Some of the chapters were really great, with a fully realized narrator giving us insight into their lives as well as the party itself. Morrigan is one who stuck out to me as particularly authentic and complex. When Leveen is on, he's really on, painting portraits of kids that you feel like you know. Unfortunately, not every chapter is as interesting. There's a lot of internal dialogue in each chapter and some of them are fascinating while others are kind of boring. Several of the boy characters are very similar in voice and with eleven characters, I had a hard time keeping track of who was who and who did what. Especially because one character would mention something in passing that would involve a character that had already narrated, but never got to that point in the night. I did a lot of flipping back and forth to see who said what, when which was a little frustrating - but that's just me. You might be able to follow along much better than I did!

At the very beginning Party sets up a sort of "mystery" that you then read through the whole book to get to, with lots and lots of other stuff unfolding along the way. It was enough of a set up to keep me reading but there were some chapters I wanted to skim or skip over just to find out the ending. Overall I would say this is an ambitious effort that's handled well and populated with some of the most realistic teens I've seen in YA in a while.

Cover: I think the cover is a good representation of what's in the book and it's eye catching. If anything, with all the white in the background, it makes the photos seem like they're posed, which is kind of weird but other than that, it's a pretty cool cover.

Writing: 3.5/5
Characters: 3/5
Plot: 3.5/5

Overall Rating: 3.5/5

In My Mailbox - 21

In My Mailbox is hosted by Kristi at The Story Siren.

Thirteen Days To Midnight by Patrick Carman
A Love Story: Starring My Dead Best Friend by Emily Horner

Pretty Bad Things Claire Skuse
Soulless (The Parasol Protectorate, #1) by Gail Carriger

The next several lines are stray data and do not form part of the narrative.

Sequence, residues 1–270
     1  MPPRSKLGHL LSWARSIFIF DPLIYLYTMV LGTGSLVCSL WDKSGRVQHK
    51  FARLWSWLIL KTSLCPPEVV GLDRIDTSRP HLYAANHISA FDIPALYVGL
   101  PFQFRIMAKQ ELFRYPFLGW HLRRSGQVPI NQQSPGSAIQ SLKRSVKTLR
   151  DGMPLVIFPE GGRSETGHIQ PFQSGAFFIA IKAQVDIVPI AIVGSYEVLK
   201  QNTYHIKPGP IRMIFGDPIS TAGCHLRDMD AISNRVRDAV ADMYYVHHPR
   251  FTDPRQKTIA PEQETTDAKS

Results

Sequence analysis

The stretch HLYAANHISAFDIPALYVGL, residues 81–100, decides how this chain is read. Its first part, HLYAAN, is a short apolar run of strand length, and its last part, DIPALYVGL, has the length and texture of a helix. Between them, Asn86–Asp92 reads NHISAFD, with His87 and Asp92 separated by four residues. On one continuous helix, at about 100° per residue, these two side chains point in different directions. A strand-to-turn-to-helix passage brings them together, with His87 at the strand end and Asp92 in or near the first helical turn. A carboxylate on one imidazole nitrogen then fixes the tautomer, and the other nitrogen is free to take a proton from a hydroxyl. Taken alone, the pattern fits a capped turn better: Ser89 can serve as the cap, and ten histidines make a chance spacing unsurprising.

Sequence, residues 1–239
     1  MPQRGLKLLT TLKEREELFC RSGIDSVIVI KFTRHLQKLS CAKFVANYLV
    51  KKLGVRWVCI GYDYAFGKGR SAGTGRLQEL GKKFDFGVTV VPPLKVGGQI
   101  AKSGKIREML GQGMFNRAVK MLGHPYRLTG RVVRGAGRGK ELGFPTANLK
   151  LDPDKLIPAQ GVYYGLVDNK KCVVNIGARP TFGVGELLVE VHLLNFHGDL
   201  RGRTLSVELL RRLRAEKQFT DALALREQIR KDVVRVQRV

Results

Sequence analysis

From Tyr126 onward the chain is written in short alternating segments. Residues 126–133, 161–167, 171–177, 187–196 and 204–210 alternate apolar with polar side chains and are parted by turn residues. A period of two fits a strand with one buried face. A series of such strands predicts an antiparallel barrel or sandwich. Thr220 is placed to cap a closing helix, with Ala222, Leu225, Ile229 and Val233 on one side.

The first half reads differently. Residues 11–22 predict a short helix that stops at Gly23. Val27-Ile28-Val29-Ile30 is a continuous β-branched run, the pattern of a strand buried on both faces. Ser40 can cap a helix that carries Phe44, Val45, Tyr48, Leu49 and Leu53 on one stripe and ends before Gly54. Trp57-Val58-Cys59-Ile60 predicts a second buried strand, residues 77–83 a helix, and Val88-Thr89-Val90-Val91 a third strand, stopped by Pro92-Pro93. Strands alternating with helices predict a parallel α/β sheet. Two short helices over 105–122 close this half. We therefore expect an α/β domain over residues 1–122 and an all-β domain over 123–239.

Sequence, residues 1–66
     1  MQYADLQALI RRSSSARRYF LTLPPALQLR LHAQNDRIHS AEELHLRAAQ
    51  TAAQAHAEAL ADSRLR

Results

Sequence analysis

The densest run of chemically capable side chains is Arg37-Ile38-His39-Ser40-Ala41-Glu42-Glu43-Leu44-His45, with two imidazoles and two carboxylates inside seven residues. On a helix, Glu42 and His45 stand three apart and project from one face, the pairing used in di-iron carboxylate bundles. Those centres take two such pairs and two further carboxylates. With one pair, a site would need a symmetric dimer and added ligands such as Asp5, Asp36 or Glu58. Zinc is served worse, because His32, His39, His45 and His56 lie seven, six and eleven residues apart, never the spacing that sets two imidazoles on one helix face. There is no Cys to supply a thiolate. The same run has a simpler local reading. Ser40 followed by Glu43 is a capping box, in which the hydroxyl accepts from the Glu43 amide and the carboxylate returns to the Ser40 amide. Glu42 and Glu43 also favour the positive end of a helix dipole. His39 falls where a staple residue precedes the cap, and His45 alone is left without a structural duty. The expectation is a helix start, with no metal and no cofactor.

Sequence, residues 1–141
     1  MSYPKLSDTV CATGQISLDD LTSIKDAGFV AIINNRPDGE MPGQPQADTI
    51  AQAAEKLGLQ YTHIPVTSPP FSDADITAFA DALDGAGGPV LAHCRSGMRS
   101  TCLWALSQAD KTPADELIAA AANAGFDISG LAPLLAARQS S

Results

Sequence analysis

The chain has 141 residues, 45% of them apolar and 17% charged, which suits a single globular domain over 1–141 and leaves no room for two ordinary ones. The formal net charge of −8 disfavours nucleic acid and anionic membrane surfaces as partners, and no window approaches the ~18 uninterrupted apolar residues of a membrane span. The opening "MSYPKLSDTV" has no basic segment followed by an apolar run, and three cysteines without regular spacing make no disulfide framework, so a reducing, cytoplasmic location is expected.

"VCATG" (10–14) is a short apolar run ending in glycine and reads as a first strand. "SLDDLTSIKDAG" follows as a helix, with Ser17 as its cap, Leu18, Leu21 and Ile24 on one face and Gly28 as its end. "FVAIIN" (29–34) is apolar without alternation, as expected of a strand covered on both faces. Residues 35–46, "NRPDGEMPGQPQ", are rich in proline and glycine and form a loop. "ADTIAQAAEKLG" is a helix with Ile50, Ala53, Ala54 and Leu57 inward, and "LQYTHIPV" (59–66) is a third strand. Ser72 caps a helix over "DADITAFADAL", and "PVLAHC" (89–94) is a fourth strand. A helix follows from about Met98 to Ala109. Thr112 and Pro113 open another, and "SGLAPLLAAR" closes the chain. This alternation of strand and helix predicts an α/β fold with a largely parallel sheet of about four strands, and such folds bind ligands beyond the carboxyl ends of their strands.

Changeless (The Parasol Protectorate, #2) by Gail Carriger
The Clearing by Heather Davis
The Summer I Turned Pretty by Jenny Han
Viola in Reel Life by Adriana Trigiani
Suite Scarlett by Maureen Johnson

Wednesday, April 14, 2010

Waiting on Wednesday 19 - Gimme A Call

Waiting on Wednesday is hosted by Breaking The Spine. This week's choice is:

Gimme A Call by Sarah Mlynowski - Release Date: April 27, 2010
A new life is just a phone call away!

Devi's life isn't turning out at all like she wanted. She wasted the past three years going out with Bryan—cute, adorable, break-your-heart Bryan. Devi let her friendships fade, blew off studying, didn't join any clubs... and now that Bryan has broken up with her, she has nothing left.

Not even her stupid cell phone—she dropped it in the mall fountain. Now it only calls one number... hers. At age fourteen, three years ago!

Once Devi gets over the shock—and convinces her younger self that she isn't some wacko—she realizes that she's been given an awesome gift. She can tell herself all the right things to do... because she's already done all the wrong ones! Who better to take advice from than your future self?

Except... what if getting what you think you want changes everything?

Fans of Sarah Mlynowski's Magic in Manhattan series will love this hilarious new novel with a high-concept premise.

If you know me at all, you know I love anything to do with time travel and this book fits nicely into the kind of stories I love. It looks like a fun read. Can't wait to check it out!

Monday, April 12, 2010

AMAZING Giveaway Celebration for Writers!

Sarah Wylie over at Sarah With A Chance is celebrating the sale of her debut novel ALL THESE LIVES with an awesome contest for writers!

Here's what she's giving away:
1 Lucky Winner will receive a critique of their first 30-40 pages by the fabulous Suzie Townsend + a pack of Twizzlers + a copy of Hex Hall.

3 Lucky Winners will receive a query letter critique by one of these three agent extraordinaires: Kathleen Ortiz, Joanna Stampfel-Volpe, or Colleen Lindsay (One agent will be randomly assigned to each winner.)

1 Winner will receive a writer's survival guide consisting of Twizzlers, a copy of Silver Phoenix and When You Reach Me, and a cute notebook and pen.

1 Lucky winner will score a lunch date with THE Janet Reid and THE Suzie Townsend. Um, yeah, that's not a typo. (I'm tempted to enter myself. Would it be so wrong?) Unfortunately, this is not a free trip to NYC. BUT if you live in the NYC area, or whenever you're visiting NYC? You. Janet. Suzie. LUNCH.